Saturday: Liberty at New Mexico
Time: 4 p.m.
Location: Dreamstyle Stadium
Radio: KKOB 94.5 FM, 770 AM
Line: UNM favored by 7
By Greg Archuleta
The University of New Mexico football team has an opportunity on Saturday to do something positive for the first time in 11 years.
But in the eyes of the average Lobo fan, the message may be — to borrow a line from the classic Green Day song:
“Wake me up, when September ends.”
UNM (2-1) will try to start the season with a 3-1 record for the first time since 2007 when it faces the Liberty Flames (1-2) on Saturday at Dreamstyle Stadium. There might not be quite as much excitement over the prospects of this year’s team moving to 3-1.
Among the non-conference conquests the ’07 Lobo team had was the Arizona Wildcats, whom UNM beat on the road. That team also beat New Mexico State and Sacramento State, and lost to UTEP to open the season.
The 2018 edition has wins over Incarnate Word and New Mexico State, and it’s most impressive game could be its 45-14 loss at then-No. 5 Wisconsin.
The way the non-conference schedule laid out, a 3-1 start was and is expected.
Still, a 3-1 start could be a significant confidence booster for the program, which used a 6-0 start in 1997 during then-coach Dennis Franchione’s final campaign to qualify for its first bowl game in 36 years.
UNM coach Bob Davie has had more recent history on his mind in getting his team ready to play the Flames.
Last season, the Lobos were 3-2 when they went on their bye week, having 14 days to prepare for a road game at Fresno State.
The Bulldogs wiped out UNM 38-0, and the Lobos never recovered. They lost their last seven games of 2017 to finish 3-9.
“Fresno ended up being a heck of a team, but we didn’t play very good,” Davie said. “What that said, we’ve altered a little bit of how we’ve done things (during the bye week) — probably practicing a little heavier, a little harder. … Hopefully, we’ve put the open date to good use.”
Davie said early in the week that he didn’t know which quarterback UNM would start on Saturday — sophomore Tevaka Tuioti is back after suffering a concussion in the Week 2 loss to Wisconsin and missing the Sept. 15 rivalry game at New Mexico State.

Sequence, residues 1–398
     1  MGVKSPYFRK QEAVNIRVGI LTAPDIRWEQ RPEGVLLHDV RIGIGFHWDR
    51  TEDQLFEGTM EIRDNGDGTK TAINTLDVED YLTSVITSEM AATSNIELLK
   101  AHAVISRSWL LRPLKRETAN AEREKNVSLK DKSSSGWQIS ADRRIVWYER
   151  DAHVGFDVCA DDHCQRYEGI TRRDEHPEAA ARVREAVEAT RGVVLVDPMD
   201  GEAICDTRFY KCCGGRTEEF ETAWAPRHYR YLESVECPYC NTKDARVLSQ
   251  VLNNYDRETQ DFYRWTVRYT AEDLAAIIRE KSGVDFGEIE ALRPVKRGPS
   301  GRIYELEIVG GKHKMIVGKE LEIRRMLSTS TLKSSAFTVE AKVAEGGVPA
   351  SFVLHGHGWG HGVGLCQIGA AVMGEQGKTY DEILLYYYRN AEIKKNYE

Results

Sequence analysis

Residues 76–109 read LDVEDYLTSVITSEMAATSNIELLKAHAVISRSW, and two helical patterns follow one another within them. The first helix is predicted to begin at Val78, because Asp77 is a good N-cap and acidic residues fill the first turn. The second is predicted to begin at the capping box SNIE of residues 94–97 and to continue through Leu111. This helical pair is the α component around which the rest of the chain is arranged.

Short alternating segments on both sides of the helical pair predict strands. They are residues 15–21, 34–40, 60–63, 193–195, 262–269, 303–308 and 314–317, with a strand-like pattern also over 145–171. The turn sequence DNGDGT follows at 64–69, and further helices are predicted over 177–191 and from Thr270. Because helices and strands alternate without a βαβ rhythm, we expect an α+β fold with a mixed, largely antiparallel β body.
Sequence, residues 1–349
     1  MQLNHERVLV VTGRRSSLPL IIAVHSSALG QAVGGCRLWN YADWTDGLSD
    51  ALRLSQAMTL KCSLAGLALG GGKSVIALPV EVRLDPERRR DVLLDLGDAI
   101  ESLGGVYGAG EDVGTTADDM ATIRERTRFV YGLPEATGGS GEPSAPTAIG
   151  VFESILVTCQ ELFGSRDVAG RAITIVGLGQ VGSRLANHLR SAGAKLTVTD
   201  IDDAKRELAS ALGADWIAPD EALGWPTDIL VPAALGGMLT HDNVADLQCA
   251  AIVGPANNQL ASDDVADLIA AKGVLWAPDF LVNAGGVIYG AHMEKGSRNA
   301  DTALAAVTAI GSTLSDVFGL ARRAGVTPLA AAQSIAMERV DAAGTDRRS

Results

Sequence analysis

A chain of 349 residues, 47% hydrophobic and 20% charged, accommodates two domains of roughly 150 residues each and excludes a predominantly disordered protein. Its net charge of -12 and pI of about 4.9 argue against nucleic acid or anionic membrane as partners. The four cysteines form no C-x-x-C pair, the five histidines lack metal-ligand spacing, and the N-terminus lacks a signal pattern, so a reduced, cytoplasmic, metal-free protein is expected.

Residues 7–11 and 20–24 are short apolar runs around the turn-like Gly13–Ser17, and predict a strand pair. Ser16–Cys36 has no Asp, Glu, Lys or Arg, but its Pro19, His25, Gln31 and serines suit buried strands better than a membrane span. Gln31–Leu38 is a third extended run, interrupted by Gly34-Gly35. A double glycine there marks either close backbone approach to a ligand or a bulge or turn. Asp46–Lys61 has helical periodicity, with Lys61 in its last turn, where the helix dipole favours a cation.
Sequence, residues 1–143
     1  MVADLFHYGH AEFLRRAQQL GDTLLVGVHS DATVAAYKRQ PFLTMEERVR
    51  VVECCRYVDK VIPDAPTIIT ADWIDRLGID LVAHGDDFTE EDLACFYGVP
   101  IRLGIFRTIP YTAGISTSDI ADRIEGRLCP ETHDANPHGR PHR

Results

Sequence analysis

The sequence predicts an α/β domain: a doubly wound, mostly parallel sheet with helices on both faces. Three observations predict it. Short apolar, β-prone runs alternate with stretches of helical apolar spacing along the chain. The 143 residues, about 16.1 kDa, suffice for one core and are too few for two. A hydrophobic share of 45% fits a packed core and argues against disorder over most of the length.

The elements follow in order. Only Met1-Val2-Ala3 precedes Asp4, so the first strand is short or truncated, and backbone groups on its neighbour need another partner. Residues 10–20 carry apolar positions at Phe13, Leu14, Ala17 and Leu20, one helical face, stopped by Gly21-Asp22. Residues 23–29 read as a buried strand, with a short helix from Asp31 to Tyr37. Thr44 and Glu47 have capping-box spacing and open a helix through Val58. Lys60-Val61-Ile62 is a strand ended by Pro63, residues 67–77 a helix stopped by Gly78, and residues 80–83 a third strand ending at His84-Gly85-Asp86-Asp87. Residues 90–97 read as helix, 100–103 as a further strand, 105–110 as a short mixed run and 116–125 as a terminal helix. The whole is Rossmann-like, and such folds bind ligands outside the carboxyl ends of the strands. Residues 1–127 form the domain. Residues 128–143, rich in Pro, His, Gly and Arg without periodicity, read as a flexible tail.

Junior Sheriron Jones guided the Lobos to the 42-25 win over the Aggies and had a productive bye week of practice, Davie said.
However, Tuioti so far has looked stronger this season in the running the offense, especially in the passing attack, than Jones.
The bigger concern for the Lobos likely would be trying to fill the shoes of injured senior middle linebacker Alex Hart, who tore an ACL landing awkwardly after a missed sack attempt at NMSU.
Hart was the player in charge of lining up the defense correctly based on the offensive formation.
UNM also has lost junior defense end Trent Sellers. Its secondary has picked up its game in the loss of the Lobo duo.
The seven interceptions the defense has recorded in 2018 already is one more than the unit recorded in all of 2017.
“Defensively, we’ve helped ourselves in the secondary a little bit,” Davie said. “One of our potential strengths is putting guys out there with ball skills. We’ve got some DBs with some ball skills.
“We haven’t played as aggressive or as sudden as I would’ve liked on defense.”
That bodes well going against a Liberty offense that is averaging 294.0 yards per game through the air behind junior quarterback Stephen Calvert. He has seven touchdown passes and two interceptions for a team that beat West Virginia conqueror Old Dominion 52-10 in the season opener.
If the Lobos want to get Tuioti, assuming he’s the starter, back into a rhythm in UNM’s passing attack, the Flames might provide a stiff test.
They have allowed just 139.3 passing yards per game, which would rank tied for fourth in the nation with Michigan and Southern Miss if Liberty were not a provisional FBS member in 2018 (this is the Flames first year in the FBS).
“On offense, our liability is we’re not as experienced as a Liberty would be in the passing game in the suddenness of reads, playing as fast as we’re capable,” Davie said.
Much of that is due to the injury to Tuioti and the inexperience of Jones.
Liberty’s Achilles’ Heel is its run defense, which gives up an average of 308 yards per game, which would put the unit 128th among 130 FBS schools (including the Flames).
While a win would put New Mexico at 3-1 when September ends, the game also figures to be an important gauge of what it needs to work on when it travels to UNLV on Oct. 6 to kick off Mountain West play.
A 4-1 start would be the school’s first since that magical 1997 run under Franchione. For that to happen, the Lobos need to take care of business on Saturday, no matter how pretty or ugly.
Or to sum up in Green Day terms, a win over the Flames would feel like a “Holiday.” A loss would be akin to a “Boulevard of Broken Dreams.”